Many people have their complaints about navigating the health care system. But if a person belongs to an underrepresented minority group, like those in the LGBT+ community, the problems that person faces can affect not only interactions, but access to health care. More and more individuals are identifying themselves as transgender, gender queer or nonbinary. Despite this, the health care system is often ill prepared to meet the needs of these individuals in a professional and appropriate manner.
In a recently published scholarly review of research gaps related to treatment of individuals who identify as gender nonbinary, Deborah Clegg, PhD, associate dean of research in the College of Nursing and Health Professions, found that enhancing the scientific understanding of biological origins of gender identity may reduce stigma and barriers to care for transgender and nonbinary individuals.
“There is an increasing number of individuals who self-identify as nonbinary when it comes to gender,” said Clegg. “As this increasing population continues to grow, two items become salient: First, we need to appreciate the health care struggles many individuals find when they approach institutions who are not educated about how to approach and treat their needs. Second, we need to begin to conduct thoughtful research to understand the biological underpinnings of self-identity of gender nonbinary. It is through research and education that we can best learn to be appropriate, respectful and engage this growing population of individuals to care for their needs.”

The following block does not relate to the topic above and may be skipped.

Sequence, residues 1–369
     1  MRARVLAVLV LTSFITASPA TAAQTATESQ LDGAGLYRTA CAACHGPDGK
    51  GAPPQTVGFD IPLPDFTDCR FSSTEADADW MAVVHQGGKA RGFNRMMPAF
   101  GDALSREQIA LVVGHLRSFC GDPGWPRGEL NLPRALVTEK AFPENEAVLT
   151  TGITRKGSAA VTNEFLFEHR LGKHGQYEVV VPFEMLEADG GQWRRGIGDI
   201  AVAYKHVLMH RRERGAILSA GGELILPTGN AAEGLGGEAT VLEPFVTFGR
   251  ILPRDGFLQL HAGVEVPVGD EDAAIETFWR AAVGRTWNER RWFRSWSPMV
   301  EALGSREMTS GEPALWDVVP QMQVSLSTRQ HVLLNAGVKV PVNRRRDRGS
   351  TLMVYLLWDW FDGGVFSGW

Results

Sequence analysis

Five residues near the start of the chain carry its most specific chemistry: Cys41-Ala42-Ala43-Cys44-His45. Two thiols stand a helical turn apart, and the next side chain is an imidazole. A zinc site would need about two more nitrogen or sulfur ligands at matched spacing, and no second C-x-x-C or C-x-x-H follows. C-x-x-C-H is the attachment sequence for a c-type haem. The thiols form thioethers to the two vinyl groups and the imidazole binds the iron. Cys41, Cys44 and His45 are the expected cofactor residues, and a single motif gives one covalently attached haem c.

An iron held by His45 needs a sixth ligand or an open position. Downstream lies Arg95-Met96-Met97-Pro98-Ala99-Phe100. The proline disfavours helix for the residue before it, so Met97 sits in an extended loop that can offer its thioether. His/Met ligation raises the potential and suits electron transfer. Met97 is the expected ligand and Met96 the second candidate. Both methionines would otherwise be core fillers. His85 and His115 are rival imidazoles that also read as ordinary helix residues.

The perception that the medical community doesn’t understand the unique challenges of nonbinary individuals leads to an inherit distrust of the health care system.
“My article begins to address these gaps in knowledge,” said Clegg. “It highlights potential biological factors which may impact gender identity other than binary. It calls out to the health care community that we need to increase our understanding and knowledge of these individuals’ specific needs. This is increasingly timely and important due to the ever-increasing prevalence of this population.”
Clegg’s scholarly review shows there is limited amount of scientific data on the biological origin of gender identity. She highlights the fact that one of the reasons there is not a sufficient amount of data on gender nonconforming people is that the biological definition of “gender” remains elusive. This is in part because molecular and biological techniques have not been available to accurately investigate the development of gender identity.
Reducing the social stigma associated with gender nonconforming individuals is one way to begin to break down barriers of distrust and enhance communication within and outside the medical community.
“It’s meant to help the health care provider gain an understanding on transgender biology so that they are more respectful of transgender patients for whatever health care needs for which they may seek care,” said Clegg. “Individuals who identify as a gender other than binary are being shunned by society resulting in increased suicidal ideology, bullying and large amounts of depression. If we are better able to understand why individuals might identify as nonbinary, we can begin to increase our acceptance of this growing population who is underserved.”
The report, “A Universally Accepted Definition of Gender Will Positively Impact Societal Understanding, Acceptance, and Appropriateness of Healthcare" was recently published in Mayo Clinic Proceedings.